The benefits cover medical expenses, death benefits, lost wages, and vocational rehabilitation.

Failure to meet a state’s requirements in this regard can leave you as the employer obliged to pay penalties levied by the states.

Some states, such as North Dakota, Ohio, Washington, West Virginia, and Wyoming only allow coverage from the government-run monopoly state funds.

In these states, you may not take out your workers compensation obligations from private insurance providers.

Workers compensation charges are calculated based on the employee’s pay, and usually come out at around $1.00 per $100 per month.

However, you must refer to the relevant authorities in your state.

Average costs of these types of insurance

Although every Flea Markets insurance requirement is unique, there are enough examples of usual quotes from insurance companies for us to give approximate guidelines, including what are the cheapest rates offered.

Of course, you should always check with a broker what’s relevant for your business.

The list below is of annual premiums we have researched for the main types of insurance your Flea Markets businesses needs.

Types of insurance Price range
Public liability insurance $315 – $540
Commercial vehicle insurance $1852 – $2602
General liability insurance $749 – $1006
Product liability insurance $287 – $813
Equipment insurance $440 – $1297
Commercial insurance $853 – $2389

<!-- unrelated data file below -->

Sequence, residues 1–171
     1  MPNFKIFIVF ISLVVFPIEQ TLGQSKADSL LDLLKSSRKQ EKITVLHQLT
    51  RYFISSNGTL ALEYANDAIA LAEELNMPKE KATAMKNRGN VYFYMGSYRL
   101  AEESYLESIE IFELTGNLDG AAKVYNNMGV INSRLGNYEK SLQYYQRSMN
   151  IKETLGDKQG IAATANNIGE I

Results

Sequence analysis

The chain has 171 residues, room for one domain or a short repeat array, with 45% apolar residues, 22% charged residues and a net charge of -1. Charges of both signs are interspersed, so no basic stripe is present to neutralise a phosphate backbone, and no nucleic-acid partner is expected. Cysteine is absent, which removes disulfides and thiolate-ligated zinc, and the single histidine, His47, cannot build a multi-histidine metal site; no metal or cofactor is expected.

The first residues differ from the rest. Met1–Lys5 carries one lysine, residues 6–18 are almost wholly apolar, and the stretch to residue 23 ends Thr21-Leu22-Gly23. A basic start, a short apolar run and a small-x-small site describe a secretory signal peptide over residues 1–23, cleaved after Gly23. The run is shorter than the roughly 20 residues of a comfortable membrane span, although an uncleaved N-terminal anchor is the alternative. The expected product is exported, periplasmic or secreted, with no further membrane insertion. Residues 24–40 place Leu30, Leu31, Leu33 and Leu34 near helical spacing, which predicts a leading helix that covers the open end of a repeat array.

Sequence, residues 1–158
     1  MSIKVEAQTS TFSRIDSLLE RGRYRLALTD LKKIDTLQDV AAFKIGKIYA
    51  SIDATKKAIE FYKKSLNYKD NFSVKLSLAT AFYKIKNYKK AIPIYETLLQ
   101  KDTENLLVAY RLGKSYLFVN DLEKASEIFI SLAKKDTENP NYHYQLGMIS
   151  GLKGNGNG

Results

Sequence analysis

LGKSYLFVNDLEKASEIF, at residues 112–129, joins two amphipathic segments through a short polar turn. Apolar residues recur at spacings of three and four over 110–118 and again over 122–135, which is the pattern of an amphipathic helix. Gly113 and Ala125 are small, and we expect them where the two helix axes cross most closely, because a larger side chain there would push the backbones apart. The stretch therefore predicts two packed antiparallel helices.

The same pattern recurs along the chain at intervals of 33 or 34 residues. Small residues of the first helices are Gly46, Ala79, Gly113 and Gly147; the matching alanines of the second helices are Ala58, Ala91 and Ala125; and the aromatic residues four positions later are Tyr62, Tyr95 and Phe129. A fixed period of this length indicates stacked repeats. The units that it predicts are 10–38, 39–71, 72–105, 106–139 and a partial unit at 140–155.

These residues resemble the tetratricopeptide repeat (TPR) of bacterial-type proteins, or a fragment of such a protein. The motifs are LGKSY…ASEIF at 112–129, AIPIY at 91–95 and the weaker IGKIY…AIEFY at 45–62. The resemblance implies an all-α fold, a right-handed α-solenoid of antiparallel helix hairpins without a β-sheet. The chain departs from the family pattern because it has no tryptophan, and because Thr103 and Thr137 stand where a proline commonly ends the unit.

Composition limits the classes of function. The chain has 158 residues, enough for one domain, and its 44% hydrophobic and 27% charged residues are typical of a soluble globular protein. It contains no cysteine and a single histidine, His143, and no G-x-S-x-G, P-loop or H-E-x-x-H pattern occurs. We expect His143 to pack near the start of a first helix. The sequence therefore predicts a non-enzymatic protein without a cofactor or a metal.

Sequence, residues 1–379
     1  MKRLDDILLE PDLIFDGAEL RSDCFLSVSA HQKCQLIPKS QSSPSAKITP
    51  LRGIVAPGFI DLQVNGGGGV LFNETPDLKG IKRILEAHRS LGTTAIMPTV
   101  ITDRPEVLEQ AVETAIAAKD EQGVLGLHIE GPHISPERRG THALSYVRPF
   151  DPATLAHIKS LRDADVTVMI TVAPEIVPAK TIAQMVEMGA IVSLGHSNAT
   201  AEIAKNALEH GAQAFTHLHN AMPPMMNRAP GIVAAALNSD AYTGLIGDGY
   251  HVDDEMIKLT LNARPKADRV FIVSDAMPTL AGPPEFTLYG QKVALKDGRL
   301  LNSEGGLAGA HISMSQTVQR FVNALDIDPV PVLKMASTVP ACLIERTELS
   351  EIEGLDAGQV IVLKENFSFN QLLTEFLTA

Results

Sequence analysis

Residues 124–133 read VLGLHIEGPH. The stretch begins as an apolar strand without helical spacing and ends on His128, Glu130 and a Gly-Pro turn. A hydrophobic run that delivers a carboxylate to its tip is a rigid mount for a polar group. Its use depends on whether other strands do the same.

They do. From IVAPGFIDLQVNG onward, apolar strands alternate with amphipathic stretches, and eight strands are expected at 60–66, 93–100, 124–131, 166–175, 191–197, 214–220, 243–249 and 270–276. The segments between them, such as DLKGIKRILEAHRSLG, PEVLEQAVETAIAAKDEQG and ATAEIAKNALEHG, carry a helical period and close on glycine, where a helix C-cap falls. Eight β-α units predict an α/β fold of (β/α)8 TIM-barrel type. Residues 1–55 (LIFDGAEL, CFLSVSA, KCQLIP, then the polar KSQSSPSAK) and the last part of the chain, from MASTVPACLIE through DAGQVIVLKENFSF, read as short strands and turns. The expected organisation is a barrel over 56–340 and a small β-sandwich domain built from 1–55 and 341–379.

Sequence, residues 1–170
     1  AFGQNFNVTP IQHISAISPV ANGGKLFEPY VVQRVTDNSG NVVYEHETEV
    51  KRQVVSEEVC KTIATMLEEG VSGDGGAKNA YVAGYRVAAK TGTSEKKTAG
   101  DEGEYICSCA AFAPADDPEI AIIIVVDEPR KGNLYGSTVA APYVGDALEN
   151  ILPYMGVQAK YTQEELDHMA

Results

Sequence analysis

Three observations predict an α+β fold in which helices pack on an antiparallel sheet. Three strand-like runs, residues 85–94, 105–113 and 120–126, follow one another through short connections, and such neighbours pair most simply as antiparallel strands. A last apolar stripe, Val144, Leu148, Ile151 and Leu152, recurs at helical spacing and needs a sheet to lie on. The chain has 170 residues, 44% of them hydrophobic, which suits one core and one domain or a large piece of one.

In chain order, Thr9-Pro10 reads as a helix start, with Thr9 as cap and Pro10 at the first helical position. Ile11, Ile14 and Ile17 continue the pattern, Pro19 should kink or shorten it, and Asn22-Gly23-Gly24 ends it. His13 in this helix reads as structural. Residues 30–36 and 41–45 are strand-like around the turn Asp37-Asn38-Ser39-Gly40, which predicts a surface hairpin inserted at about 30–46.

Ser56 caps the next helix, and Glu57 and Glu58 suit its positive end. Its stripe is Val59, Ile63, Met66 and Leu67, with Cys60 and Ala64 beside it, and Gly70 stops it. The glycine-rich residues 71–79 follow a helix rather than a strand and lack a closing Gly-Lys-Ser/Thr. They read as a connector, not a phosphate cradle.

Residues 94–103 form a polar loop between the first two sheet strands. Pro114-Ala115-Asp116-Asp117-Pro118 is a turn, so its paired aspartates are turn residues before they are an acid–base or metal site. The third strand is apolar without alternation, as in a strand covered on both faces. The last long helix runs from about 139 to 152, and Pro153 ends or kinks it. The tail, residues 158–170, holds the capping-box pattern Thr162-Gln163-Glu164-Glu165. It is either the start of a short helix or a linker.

Cost of insurance for your Flea Markets operations depends on many different factors.

We have estimated these figures for small independent Flea Markets businesses.

In larger states like New York, premiums are generally about 20%-30% higher than national averages, but in smaller states like Oregon, they will be about 20%-30% lower.

The location and size and type of your Flea Markets business can have a big effect on the cost of different policies.

You should consult with professional insurance agents and brokers, or insurance company representatives.

Also you can let the internet do the work for you by searching for insurance companies near where your business is located.

Another useful source of information is the local Better Business Bureau in your suburb.

FAQ

What is small business insurance for Flea Markets operations?

This is a general term used to describe standard insurance policies designed to protect Flea Markets business owners from risks like bodily injury, property damage, claims of negligence.

Does my Flea Markets business have to have insurance?

Some of the types of insurance are not mandatory for you to run your business, but they can protect you from risks in your business operations.

Several other forms are required by state law, such as workers compensation and vehicle insurance.

What does a small Flea Markets business insurance policy cover?

Liability insurance provides coverage against lawsuits or claims filed by a third-party for bodily injury, property damage, or negligence.

The exact cover will vary based on your own operations.

See the table in the costing section above for average prices of the recommended policies for Flea Markets insurance.

How much will Flea Markets business insurance cost?

As well as the size of the business, some other factors, such as location and claims history, are used to determine your policy’s cost.

You should consult with professional insurance agents and brokers, or insurance company representatives.